• Trucker Mark says:

        I am afraid that the incident that I remember was on the former mogul hill rope tow that ran up the left side of the slope when you are facing uphill. I remember once losing a mitten to a rope tow somewhere too. Like you said, the rope is twisting all the time and it took my mitten right off once too. The incident that I remember the gal was probably a teenager and her long hair got caught in the rope, and just lucky the safety line shut it down at the top with her hanging there by her hair maybe 4-5 feet off the ground.

        One time back in the 1970s I was on the old advanced chair when some other gal skied straight down the upper part of the old advanced hill and went straight into the woods above the top of the mogul hill about halfway down where the main part of the trail curved around to the left heading downhill, completely out of control, and got hurt pretty bad too.

        In my mid 20s I was a lift operator at Beaver Creek, CO and while they didn’t have any ropetows I have lots of good stories about loading and unloading crashes involving their Dopplemyer chairlifts that I worked during the winter of 1983-84 too. Did you know that I saw Robert Redford go around the upper bullwheel once there and get tossed out of the chair before my partner got him in the shin with a snowrake? I’ll bet that he remembers that too!

        I’ll never forget that day I was loading on the old Birds of Prey double at the Creek, which we had running with a full weekend load at 575 feet per minute, and only 5 & 1/2 seconds between chairs, when two guys came out to the load board, and 3 seconds later two more drunks came out, and while I hit stop before the chair got there, it still hit all four of them at full speed and knocked the first two guys flying about 20 feet out in front of the loading station into the deep snow, while the two drunks ended up on the chair but without any of their ski equipment, and the chair kept running for another 50 foot of line at least, before the tension carriage went flying back and forth above my head and the counterweight bottomed out, lucky that accident didn’t damage the lift or throw anyone off their chair too!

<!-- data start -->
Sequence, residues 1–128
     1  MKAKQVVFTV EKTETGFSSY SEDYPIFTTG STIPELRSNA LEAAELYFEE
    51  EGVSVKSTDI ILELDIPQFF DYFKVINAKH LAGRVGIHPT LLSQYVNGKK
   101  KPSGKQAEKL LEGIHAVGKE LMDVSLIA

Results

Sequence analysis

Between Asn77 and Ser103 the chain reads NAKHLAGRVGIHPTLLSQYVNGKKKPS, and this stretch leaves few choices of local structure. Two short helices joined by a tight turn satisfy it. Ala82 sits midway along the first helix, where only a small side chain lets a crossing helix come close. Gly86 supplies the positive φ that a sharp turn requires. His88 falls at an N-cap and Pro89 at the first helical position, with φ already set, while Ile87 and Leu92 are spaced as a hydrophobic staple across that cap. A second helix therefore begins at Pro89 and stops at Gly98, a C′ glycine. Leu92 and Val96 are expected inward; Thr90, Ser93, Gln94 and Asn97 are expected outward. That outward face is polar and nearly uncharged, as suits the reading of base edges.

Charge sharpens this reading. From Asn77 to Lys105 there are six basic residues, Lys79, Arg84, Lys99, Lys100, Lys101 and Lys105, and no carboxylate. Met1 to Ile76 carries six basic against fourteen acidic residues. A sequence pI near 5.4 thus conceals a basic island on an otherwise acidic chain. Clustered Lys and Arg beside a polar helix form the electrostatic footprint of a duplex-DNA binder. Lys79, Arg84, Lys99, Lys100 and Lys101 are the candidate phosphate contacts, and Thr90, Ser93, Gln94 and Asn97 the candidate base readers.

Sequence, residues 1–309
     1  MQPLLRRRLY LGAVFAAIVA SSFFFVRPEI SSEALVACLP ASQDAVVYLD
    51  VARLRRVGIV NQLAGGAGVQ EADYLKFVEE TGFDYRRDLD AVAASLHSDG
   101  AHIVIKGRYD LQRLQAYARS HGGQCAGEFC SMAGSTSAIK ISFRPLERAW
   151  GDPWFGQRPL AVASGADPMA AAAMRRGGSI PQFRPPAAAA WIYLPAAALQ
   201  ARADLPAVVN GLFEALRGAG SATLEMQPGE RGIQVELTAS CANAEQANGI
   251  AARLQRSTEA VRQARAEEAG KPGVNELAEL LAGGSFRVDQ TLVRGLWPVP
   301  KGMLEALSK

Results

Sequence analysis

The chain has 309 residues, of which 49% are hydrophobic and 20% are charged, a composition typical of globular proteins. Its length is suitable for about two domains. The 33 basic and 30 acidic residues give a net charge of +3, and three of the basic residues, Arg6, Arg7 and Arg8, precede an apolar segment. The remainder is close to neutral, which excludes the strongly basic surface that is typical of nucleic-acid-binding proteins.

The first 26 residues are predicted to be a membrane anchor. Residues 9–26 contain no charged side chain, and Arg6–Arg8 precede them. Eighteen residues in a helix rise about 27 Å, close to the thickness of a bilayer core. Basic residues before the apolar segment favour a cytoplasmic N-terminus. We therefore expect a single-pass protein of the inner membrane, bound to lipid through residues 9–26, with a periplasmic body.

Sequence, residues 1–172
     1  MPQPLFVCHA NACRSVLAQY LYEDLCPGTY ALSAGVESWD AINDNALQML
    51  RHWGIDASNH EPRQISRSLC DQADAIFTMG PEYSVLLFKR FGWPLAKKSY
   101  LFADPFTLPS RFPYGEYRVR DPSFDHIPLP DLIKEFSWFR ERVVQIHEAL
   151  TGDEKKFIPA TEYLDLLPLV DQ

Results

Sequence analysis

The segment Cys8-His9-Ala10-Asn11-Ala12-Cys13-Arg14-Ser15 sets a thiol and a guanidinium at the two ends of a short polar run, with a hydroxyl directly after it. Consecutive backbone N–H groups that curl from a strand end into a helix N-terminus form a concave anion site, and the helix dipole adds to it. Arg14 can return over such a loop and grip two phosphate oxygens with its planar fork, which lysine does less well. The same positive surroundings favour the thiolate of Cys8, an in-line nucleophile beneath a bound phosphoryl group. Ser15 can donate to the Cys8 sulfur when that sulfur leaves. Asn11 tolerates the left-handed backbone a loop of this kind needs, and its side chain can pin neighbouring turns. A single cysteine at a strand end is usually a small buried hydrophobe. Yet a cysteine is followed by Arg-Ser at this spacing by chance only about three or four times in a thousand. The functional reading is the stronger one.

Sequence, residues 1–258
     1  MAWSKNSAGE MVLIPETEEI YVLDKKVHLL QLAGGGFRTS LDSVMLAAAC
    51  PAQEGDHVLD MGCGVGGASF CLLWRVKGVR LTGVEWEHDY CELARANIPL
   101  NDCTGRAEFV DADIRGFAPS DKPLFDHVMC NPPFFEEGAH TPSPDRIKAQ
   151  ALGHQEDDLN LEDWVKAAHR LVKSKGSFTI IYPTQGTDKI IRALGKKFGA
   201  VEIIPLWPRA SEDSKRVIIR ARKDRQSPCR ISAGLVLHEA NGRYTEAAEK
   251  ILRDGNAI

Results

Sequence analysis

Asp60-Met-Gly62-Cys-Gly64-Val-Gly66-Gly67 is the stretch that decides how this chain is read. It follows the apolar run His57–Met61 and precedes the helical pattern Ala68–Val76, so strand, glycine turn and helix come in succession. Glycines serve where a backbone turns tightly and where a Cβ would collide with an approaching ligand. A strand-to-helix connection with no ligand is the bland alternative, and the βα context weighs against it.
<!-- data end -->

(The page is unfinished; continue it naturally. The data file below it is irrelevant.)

Yes, skiing and riding lifts can be dangerous if you aren’t careful, that’s for sure!

  2. Yeah, we grew up just down the road. Raced for WLC there. I jumped off the chair and landed in a tree once. There are songs that pop up from time to time on the radio that put me on the tow rope in front of the lodge where the bumps were; that was in the mid 70’s. I remember how significant it was to get our certification patches to be able to get up to Galcier; that was huge back then. Sported the Expert Patch around school for weeks after. Funny stuff and great memories from there.

  3. Mark Dixon says:

    Our high school ski club (Northville) went to Alpine Valley every Monday night. What a riot. This was in the late 60’s. The “Mogul” hill right in front of the lodge was our fun. Short but sweet. I remember one night we talked this girl who was really a beginner to “go for it” and take the rope up the “Mogul” hill and “Cowgirl Up”. She was freaking out at the top but went for it anyway…straight down….no turns….wobbly but still standing she built up speed…reaching the bottom at break neck speed she never stopped but hit the ski rack full of skis in front of the lodge at a “Full Tilt Boogie” shredding her at the knees as she flew under the cross members….skis flew….she went down like a limp rag….all of us still standing at the top of the hill watching thought for sure she was dead….OMG! We flew down immediately to her aid, finding she was alive, unhurt, only shaken up by her rendezvous with hell!! I’ll never forget that. Boy, were we bad….very, very bad…..